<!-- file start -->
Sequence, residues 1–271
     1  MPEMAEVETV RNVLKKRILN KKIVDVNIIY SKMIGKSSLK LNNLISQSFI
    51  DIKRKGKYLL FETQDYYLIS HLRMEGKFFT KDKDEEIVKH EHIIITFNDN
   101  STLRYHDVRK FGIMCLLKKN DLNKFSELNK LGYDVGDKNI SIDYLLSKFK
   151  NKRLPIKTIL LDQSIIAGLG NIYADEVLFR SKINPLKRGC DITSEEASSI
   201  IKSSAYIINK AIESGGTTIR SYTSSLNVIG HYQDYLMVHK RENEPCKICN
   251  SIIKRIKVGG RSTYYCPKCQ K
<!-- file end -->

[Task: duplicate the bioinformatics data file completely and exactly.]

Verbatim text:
Sequence, residues 1–271
     1  MPEMAEVETV RNVLKKRILN KKIVDVNIIY SKMIGKSSLK LNNLISQSFI
    51  DIKRKGKYLL FETQDYYLIS HLRMEGKFFT KDKDEEIVKH EHIIITFNDN
   101  STLRYHDVRK FGIMCLLKKN DLNKFSELNK LGYDVGDKNI SIDYLLSKFK
   151  NKRLPIKTIL LDQSIIAGLG NIYADEVLFR SKINPLKRGC DITSEEASSI
   201  IKSSAYIINK AIESGGTTIR SYTSSLNVIG HYQDYLMVHK RENEPCKICN
   251  SIIKRIKVGG RSTYYCPKCQ K